Here are five narratives to complicate the “SAM”/”non-SAM” binary. Note that in this post I’m using “orientation” to refer to a way of conceptualizing and describing raw experience, not the raw experience itself. Read through the list and see if you can determine who out of these hypothetical narratives would belong in which category.

  1. Flint experiences multiple kinds of attraction and labels ixself in terms of one orientation. Ix orientation is gray-asexual, and ix does not think of ixself as having any other orientations than that. Flint finds it useful to differentiate among types of physical attraction — such as aesthetic, sensual, and sexual — as distinct experiences, and ix places a high importance on the language necessary to make this distinction. However, ix does not use multiple sets of orientation labels to go with every type of attraction ix does or does not experience. Ix soley self-describes as gray-asexual.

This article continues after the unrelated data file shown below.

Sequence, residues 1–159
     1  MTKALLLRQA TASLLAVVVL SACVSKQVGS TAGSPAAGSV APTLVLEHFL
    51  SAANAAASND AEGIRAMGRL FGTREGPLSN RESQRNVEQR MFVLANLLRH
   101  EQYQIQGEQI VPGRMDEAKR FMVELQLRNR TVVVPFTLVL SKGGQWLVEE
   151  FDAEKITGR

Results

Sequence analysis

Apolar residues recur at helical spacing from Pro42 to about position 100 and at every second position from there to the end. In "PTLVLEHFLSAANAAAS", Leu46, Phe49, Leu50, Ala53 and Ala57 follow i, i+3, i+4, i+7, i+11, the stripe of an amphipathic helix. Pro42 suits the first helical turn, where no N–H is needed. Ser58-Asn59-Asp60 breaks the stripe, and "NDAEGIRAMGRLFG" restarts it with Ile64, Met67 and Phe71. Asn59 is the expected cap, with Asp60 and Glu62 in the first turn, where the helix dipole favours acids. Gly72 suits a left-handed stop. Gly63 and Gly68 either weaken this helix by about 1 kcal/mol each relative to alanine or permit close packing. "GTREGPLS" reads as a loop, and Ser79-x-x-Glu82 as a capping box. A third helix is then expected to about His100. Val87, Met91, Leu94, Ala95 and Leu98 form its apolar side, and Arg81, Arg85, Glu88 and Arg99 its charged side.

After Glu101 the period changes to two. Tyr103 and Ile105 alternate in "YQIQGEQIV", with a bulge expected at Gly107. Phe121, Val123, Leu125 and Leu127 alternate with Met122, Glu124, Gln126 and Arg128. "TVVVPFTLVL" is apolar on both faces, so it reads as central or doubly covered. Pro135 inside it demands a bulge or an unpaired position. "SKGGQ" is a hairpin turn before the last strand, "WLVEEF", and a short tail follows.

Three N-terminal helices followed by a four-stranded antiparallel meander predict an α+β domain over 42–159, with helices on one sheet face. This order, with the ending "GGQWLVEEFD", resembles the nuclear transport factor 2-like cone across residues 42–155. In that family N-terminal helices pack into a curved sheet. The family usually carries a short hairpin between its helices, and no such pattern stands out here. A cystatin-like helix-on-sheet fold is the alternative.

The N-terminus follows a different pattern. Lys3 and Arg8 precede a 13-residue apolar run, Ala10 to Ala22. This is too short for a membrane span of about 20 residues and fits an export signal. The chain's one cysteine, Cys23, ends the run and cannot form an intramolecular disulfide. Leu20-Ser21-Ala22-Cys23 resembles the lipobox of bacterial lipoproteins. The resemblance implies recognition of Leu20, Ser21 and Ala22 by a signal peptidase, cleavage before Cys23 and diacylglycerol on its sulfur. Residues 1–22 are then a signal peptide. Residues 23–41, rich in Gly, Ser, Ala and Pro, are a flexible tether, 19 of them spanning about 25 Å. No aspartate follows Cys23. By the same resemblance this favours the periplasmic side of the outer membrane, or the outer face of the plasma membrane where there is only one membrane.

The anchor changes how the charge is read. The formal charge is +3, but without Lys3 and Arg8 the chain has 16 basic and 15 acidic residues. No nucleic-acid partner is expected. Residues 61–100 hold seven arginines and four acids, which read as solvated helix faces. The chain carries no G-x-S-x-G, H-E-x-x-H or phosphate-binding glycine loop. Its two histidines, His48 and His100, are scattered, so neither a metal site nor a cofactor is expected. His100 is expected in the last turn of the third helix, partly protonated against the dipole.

2. Ven experiences multiple kinds of attraction and and has multiple labels for what he prefers to think of as one orientation. He is gray-asexual, and he also self-describes as grayromantic. He understands these to be a part of one singular, integrated orientation, rather than simply a “matched set” of two different ones, because for him that is how it is experienced. This makes it uncomfortable to him that the two communities are split accordingly, and in that context, he would prefer to have language to express that for him, his orientation is felt as all one singular whole. While he does experience aesthetic attraction which he recognizes as distinct from romantic or sexual feelings, he strongly feels that romance & sexuality are not separate for him.